• The M2-M5 brane system and a generalized Nahm's equation. Anirban Basu, Jeffrey A. Harvey (Chicago U., EFI & Chicago U.) . EFI-04-41, Dec 2004. 18 pp. Published in Nucl. Phys. B 713:136-150 (2005); e-Print Archive: hep-th/0412310.
  • Noncommutative field theory and Lorentz violation. Sean M. Carroll, Jeffrey A. Harvey (Chicago U., EFI) , V.Alan Kostelecky (Indiana U.) , Charles D. Lane (Colby Coll.) , Takemi Okamoto (Chicago U., EFI) . EFI-01-12, IUHET-433, May 2001. 4pp. Published in Phys. Rev. Lett. 87:141601 (2001); e-Print Archive: hep-th/0105082.
  • Komaba lectures on noncommutative solitons and D-branes. Jeffrey A. Harvey (Chicago U., EFI & Chicago U.). EFI-01-05, Feb 2001. 43 pp. Lectures presented at Komaba 2000 Workshop: Non-perturbative Dynamics in String Theory, Komaba, Japan, 14-16 Nov 2000. e-Print Archive: hep-th/0102076.

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Updated 8/2006

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richard

Richard Hill

Ph.D., Cornell University, 2002.
Asst. Prof., Dept. of Physics, Enrico Fermi Institute, and the College.
Theoretical physics, elementary particles.
Richard Hill's website

I study theoretical elementary particle physics. My research is focused on aspects of quantum field theory that impact particle physics phenomenology. These include effective field theories; models of physics beyond the standard model; quark and lepton flavor physics, and connections to astrophysics and cosmology.

Selected Publications:

  • Weakly Interacting Stable Pions, (with Y. Bai), arXiv:1005.0008.
  • Anomaly mediated neutrino-photon interactions at finite baryon density, (with J. Harvey and C. Hill), Phys. Rev. Lett. 99:261601, 2007, arXiv:0708.1281.
  • T-parity violation by anomalies, (with C. Hill) Phys. Rev. D76:115014, 2007, arXiv:0705.0697.
  • Comment on form-factor shape and extraction of |V(ub)| from B ---> pi | nu, (with T. Becher) Phys. Lett. B 633:61-69, 2009, hep-ph/0509090.
  • Spectator interactions in soft collinear effective theory, (with M. Neubert) Nucl. Phys. B 657:229-256, 2003, hep-ph/0211018.
  • New value of m(muon) / m(e) from muonium hyperfine splitting. Phys. Rev. Lett. 86:3280-3283, 2001, hep-ph/0010130.

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Updated 6/2010

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David Kutasov ​David Kutasov

Ph.D., Weizmann Institute, Israel, 1989.
Professor, Dept. of Physics, Enrico Fermi Institute, and the College.
Theoretical physics, quantum field theory, string theory.

My main research focus in recent years was on a number of questions in field and string theory. One is the dynamics of strongly coupled field theories such as Quantum Chromodynamics, and in particular qualitative phenomena such as confinement and chiral symmetry breaking. Another is supersymmetry breaking in stable and metastable vacua, and the associated question of vacuum selection in the early universe (why may the universe end up in a non-supersymmetric metastable state, when there are stable supersymmetric ones). String theory appears to be a very fruitful source of ideas for tackling these problems, and I have been involved in exploring them.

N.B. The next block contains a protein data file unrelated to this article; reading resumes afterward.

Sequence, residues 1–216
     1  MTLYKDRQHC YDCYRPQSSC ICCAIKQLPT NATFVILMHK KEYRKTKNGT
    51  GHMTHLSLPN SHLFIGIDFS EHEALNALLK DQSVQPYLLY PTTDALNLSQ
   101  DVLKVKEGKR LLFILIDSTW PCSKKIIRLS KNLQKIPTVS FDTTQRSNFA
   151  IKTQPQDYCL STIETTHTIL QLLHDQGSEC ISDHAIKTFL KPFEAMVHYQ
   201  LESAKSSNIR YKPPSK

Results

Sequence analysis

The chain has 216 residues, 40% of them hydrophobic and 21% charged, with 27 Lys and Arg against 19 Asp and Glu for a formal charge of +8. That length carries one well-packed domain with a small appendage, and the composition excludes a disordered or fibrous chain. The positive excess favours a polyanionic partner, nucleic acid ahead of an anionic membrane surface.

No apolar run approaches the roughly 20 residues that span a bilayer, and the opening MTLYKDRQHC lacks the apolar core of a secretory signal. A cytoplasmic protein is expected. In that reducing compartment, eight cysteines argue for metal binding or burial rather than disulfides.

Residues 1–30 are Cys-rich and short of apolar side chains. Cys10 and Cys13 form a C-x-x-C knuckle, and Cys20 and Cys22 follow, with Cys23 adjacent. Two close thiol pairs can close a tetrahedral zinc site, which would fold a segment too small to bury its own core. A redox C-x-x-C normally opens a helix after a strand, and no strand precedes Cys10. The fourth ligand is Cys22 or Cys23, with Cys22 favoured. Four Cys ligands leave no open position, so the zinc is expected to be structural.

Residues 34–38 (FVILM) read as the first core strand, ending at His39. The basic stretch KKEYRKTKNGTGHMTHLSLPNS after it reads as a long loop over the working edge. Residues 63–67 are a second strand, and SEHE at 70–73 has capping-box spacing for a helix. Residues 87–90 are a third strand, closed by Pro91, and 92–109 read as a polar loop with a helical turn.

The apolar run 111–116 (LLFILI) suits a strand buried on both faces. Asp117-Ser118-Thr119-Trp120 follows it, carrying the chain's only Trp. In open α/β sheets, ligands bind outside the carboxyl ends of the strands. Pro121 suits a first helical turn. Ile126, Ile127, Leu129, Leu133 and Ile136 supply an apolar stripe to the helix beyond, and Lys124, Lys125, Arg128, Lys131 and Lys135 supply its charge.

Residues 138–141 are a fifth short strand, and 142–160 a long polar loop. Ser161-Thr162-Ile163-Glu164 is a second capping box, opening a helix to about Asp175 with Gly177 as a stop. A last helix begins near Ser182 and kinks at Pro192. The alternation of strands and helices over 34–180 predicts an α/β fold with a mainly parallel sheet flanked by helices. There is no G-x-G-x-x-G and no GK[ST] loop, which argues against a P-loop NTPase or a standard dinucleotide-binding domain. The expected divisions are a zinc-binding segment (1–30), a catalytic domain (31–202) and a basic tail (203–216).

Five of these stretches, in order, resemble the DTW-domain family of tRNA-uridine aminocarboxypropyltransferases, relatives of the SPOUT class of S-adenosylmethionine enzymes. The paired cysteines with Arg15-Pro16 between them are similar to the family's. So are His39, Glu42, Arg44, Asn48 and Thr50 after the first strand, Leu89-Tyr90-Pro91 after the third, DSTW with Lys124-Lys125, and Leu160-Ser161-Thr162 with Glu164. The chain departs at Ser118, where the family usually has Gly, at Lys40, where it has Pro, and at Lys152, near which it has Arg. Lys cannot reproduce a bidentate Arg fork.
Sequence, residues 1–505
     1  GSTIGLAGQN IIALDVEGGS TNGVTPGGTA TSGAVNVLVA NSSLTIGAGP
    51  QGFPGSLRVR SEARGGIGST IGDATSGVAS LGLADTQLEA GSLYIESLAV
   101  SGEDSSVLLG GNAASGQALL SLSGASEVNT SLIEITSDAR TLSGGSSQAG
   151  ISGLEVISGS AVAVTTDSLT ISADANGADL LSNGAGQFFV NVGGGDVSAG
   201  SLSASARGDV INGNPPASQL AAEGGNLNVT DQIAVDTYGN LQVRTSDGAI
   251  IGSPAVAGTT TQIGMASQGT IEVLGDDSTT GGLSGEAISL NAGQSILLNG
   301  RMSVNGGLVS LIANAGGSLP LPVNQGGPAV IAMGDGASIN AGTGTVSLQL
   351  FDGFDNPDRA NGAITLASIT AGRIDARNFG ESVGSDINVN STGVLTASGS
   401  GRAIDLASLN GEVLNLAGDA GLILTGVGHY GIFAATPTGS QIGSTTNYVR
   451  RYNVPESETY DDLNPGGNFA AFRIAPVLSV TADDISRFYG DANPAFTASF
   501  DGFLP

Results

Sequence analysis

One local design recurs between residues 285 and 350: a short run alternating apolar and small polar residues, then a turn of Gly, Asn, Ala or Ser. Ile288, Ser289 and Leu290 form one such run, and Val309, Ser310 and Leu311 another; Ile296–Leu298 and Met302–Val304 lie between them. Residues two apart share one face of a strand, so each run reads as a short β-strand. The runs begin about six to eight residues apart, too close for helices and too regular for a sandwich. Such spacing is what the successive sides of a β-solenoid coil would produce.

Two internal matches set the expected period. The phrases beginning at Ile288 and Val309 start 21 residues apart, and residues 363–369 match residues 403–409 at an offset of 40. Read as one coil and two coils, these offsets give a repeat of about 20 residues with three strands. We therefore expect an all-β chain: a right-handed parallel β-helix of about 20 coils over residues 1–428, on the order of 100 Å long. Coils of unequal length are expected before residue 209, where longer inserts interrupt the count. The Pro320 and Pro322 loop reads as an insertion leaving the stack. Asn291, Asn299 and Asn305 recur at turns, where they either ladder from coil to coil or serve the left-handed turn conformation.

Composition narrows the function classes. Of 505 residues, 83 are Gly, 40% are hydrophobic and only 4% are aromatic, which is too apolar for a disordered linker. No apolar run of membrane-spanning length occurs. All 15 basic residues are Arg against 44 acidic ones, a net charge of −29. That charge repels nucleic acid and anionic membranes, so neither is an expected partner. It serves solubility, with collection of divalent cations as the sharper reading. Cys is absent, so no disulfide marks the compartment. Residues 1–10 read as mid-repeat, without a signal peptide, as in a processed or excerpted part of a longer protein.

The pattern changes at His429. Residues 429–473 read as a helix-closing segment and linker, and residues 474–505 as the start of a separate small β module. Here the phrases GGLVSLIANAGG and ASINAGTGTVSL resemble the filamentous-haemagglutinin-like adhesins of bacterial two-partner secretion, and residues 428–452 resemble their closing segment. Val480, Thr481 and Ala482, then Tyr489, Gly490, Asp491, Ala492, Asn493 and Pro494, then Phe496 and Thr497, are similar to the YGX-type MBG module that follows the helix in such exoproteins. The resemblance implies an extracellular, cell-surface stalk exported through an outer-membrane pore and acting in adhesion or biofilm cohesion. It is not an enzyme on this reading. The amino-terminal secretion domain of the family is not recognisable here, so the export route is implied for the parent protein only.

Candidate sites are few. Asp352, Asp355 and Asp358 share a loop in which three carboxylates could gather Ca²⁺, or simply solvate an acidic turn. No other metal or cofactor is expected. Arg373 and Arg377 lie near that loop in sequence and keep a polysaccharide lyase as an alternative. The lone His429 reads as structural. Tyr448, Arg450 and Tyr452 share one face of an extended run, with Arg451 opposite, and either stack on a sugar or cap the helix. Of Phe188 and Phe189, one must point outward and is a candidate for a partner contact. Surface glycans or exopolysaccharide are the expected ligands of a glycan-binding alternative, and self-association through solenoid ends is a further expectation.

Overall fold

Some other topics in string theory I have been studying are the evolution of black holes into highly excited strings as their mass decreases, the physics associated with cosmological singularities such as the big bang, the study of time dependent backgrounds that involve branes accelerating in an external gravitational field, holography in different types of backgrounds, infrared instabilities, and low dimensional toy models of string theory.

Generally speaking, I am interested in developing better tools for analyzing the consequences of string theory in various situations, which seems to be the main obstacle for making predictions about nature. I am also interested in using the dynamical mechanisms that were discovered in string and field theory in recent years to explain potential new results in particle physics experiments and cosmology.

Selected Publications:

  • "Some Exact Results on Tachyon Condensation in String Field Theory'', D. Kutasov, M. Marino and G. Moore, hep-th/0009148, JHEP 0010 (2000) 045.
  • "String propagation in the presence of cosmological singularities", B. Craps, D. Kutasov and G. Rajesh, JHEP 0206, 053 (2002); [arXiv:hep-th/0205101].
  • "A New Hat For The c=1 Matrix Model", M. R. Douglas, I. R. Klebanov, D. Kutasov, J. Maldacena, E. Martinec, N. Seiberg, hep-th/0307195.
  • "Central charges and U(1)R symmetries in N = 1 super Yang-Mills", D. Kutasov, A. Parnachev and D. A. Sahakyan, JHEP 0311, 013 (2003); [arXiv:hep-th/0308071].
  • "D-Brane Dynamics Near NS5-Branes", D. Kutasov, hep-th/0405058.
  • "NJL and QCD from String Theory", E. Antonyan, J.A. Harvey, S. Jensen, D. Kutasov, hep-th/0604017.
  • "Gauge symmetry and supersymmetry breaking from intersecting branes", A. Giveon and D. Kutasov, Nucl. Phys. B778, 129 (2007) [arXiv:hep-th/0703135].
  • "Seiberg Duality in Chern-Simons Theory", A. Giveon and D. Kutasov, Nucl. Phys. B812, 1 (2009); [arXiv:0808.0360 [hep-th]].
  • "D-Terms and Supersymmetry Breaking from Branes", A. Giveon, D. Kutasov, J. McOrist and A. B. Royston, Nucl. Phys. B822, 106 (2009); [arXiv:0904.0459 [hep-th]].
  • "Dynamical Vacuum Selection in String Theory", D.Kutasov, O.Lunin, J.McOrist and A. B. Royston, Nucl. Phys. B833, 64 (2010); [arXiv:0909.3319 [hep-th]].